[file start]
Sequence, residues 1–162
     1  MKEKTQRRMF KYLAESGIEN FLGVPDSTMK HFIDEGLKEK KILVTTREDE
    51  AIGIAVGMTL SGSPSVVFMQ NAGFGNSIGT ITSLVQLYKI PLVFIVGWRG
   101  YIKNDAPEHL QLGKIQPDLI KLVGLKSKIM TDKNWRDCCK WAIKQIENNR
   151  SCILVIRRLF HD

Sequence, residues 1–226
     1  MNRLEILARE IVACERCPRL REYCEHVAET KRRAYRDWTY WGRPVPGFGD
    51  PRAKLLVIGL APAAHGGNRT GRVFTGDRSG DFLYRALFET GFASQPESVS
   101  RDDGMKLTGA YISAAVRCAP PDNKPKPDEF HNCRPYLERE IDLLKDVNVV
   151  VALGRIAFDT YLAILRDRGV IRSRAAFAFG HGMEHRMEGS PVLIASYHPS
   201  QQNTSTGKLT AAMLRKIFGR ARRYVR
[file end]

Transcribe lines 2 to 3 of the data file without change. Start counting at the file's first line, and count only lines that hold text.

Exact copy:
     1  MKEKTQRRMF KYLAESGIEN FLGVPDSTMK HFIDEGLKEK KILVTTREDE
    51  AIGIAVGMTL SGSPSVVFMQ NAGFGNSIGT ITSLVQLYKI PLVFIVGWRG